The day the music died

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Ron Frizzel
Ron Frizzel

To singer-song writer, Don McLean, the music died the day Buddy Holly, The Big Bopper, and Richie Valens were killed in a plane crash. To your residents, their music died during the 1990s when radio stopped playing music they loved.

But in many assisted living and other seniors living organizations, music is coming back. Residents will say “that's when music was really music.” If you ask residents what they wanted most, however, playing their favorite music would never come up.  They miss it dearly, but accepted its absence years ago.

The easiest way is to place “the right music” on your closed circuit TV information channel if you have one. Or you can use mini-FM transmitters so residents hear your music and messages on the radio. You can turn that audio into your communities own great radio station!  If you have the music formula right, it is now well documented that residents will listen for long periods, and they will love you and recommend you for it.

Discovery Senior Living in Florida is a fast growing progressive company always looking for new and better ways to serve their residents.  Last year the executive director, Therese Williams in Venice, began to work with a former radio executive.  They picked up where radio left off. He also knew from experience that you can't just play a bunch of old songs, as that makes residents feel even older. That's the problem with attempting to use satellite radio, CD's, or a service such as Pandora. Research has shown that a softer balance of music from the 40s through the 80s, with a splash of today's current music, works best. The music needs to be balanced by year, tempo, and popularity to prevent listener fatigue. That's how successful radio stations handle it. 

What does this mix look like? Residents woke up to Glen Miller, Whitney Houston, Bing Crosby, Celine Dion, Sammy Kaye, Percy Faith, Patty Page, Nora Jones, Broadway show tunes, and more. There were also morning greetings from the staff. The results were absolutely amazing.  In the first weeks over a third of the residents thanked Williams. It was a spectacular breakthrough in resident entertainment.

Discovery and other communities quickly adopted this trend. Social activities directors report that residents listen for many hours, love it, and “talk about it all the time.” They even alert each other when certain songs are playing.  Many said it made them happier.  When one communities' cable failed, the director said, “residents had a fit. They thought we took their music away.” One Florida executive director called the music “the greatest gift we have ever given our residents.”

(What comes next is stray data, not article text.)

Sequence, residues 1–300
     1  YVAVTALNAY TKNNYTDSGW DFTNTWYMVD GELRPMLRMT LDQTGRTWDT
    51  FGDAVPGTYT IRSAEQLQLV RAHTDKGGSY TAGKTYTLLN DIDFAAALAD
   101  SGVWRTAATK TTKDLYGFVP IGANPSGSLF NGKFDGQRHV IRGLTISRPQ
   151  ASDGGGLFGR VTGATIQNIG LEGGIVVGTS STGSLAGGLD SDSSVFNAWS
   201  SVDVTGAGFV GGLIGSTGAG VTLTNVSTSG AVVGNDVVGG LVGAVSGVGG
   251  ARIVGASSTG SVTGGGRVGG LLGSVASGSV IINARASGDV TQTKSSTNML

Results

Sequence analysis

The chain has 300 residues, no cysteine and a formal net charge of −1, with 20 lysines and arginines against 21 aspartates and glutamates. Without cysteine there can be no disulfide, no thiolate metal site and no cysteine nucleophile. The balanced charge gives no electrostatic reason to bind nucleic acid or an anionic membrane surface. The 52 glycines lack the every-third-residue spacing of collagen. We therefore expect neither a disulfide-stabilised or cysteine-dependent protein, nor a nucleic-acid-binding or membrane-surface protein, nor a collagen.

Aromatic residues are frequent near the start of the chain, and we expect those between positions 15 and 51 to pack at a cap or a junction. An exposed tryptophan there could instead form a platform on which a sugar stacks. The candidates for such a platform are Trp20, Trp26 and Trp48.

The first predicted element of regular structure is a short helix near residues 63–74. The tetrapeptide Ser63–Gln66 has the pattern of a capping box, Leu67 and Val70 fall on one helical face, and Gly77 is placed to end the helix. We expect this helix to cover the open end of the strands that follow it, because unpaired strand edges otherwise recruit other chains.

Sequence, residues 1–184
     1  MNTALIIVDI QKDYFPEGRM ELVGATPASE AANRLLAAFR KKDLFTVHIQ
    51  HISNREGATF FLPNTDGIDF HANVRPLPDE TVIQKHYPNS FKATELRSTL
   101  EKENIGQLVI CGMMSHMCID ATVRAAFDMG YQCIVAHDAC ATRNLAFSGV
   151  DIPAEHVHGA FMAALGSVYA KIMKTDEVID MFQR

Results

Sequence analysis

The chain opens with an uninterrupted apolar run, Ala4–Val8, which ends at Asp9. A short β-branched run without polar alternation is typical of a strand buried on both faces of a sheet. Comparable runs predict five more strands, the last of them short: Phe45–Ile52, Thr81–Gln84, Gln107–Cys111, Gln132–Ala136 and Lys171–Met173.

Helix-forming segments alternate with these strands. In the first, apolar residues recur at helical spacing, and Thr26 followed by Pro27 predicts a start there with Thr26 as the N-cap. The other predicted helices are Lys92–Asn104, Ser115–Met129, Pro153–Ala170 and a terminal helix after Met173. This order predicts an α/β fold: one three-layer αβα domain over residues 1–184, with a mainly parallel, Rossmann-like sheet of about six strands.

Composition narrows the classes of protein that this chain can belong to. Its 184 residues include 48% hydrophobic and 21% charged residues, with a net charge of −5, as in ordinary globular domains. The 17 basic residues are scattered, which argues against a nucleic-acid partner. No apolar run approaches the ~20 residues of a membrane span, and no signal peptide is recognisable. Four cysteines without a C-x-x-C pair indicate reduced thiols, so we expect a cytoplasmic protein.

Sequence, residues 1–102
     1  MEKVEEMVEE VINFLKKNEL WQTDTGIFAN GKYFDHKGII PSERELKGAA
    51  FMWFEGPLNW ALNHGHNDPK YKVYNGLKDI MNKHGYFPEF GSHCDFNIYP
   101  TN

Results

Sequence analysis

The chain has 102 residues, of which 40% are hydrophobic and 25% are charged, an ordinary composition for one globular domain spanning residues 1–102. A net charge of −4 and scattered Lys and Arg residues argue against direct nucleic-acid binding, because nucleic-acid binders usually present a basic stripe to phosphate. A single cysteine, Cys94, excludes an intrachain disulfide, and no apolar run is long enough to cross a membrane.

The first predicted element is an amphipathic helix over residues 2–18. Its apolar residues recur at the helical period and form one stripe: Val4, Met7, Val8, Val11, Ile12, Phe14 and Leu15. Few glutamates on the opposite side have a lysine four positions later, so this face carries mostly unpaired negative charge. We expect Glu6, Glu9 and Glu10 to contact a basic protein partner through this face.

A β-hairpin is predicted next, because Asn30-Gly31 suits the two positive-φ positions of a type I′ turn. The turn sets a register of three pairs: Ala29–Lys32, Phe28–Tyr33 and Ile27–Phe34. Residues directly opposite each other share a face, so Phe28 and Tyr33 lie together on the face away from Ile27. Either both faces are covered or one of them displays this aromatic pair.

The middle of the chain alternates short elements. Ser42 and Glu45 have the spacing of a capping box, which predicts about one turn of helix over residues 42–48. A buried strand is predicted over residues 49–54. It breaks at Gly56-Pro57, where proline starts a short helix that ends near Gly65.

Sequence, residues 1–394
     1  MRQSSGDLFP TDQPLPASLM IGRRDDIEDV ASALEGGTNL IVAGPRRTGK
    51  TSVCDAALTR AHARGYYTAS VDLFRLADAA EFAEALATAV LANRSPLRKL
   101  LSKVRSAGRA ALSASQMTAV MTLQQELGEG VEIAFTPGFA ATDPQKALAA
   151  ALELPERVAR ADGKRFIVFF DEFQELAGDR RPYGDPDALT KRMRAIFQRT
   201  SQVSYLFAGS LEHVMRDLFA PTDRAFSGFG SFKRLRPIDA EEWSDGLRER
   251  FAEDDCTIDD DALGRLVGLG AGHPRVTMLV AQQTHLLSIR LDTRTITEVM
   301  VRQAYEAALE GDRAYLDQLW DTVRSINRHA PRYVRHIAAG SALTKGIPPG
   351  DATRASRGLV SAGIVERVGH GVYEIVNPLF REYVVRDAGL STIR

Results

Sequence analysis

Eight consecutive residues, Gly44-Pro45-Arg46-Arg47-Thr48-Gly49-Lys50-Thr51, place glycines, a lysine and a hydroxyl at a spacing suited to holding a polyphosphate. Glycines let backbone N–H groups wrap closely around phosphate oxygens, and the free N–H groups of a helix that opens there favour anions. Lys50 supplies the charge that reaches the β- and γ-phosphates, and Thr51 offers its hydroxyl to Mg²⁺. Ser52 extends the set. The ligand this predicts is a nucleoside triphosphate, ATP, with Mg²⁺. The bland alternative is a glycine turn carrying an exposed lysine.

These results are not isolated. There may be hope for our residents as others follow this trend. Some are using this as a marketing and sales tool by placing subtle messages on the channel urging residents to bring friends in to hear the music and receive a tour. These experiences were so successful that one of America's largest senior providers is now investigating placing tiny FM transmitters in their buildings so residents can get this programming on the radio.

Our industry spends millions bringing in speakers, singers, bands and entertainers, yet we avoid the obvious: making residents happy while they are in their living quarters, the place where they are often the loneliest. Unfortunately, many executives don't recognize this opportunity so music on cable channels is considered unimportant background. Unqualified people are asked to place “background music for old people” on the television. I have observed sophisticated communities spending thousands of dollars to have impressive video, then throw it all away by spending nothing on the audio.  After all, “it's just background.”

Executives can easily identify great looking messages and pictures, but identifying the right music is much more obscure to them, but ironically not their residents.  All the information on that great looking channel is available elsewhere.  However, the one thing they can't get anywhere else, the right music, is what would set that channel apart. What a missed opportunity!  Your residents will never stand around and talk about your TV pictures for long.  However they will listen for long periods, talk about “the right music” and love your facility even more if you have it.

Don't be deaf to this trend and miss your golden opportunity.  If your competitor has “the right music” and you don't, you could lose your next prospect.

Ron Frizzel is a former CEO and owner of a 15-radio station group. Three of his stations specialized in music for seniors. He lives in Florida and may be contacted at Ronfrizzel@aol.com

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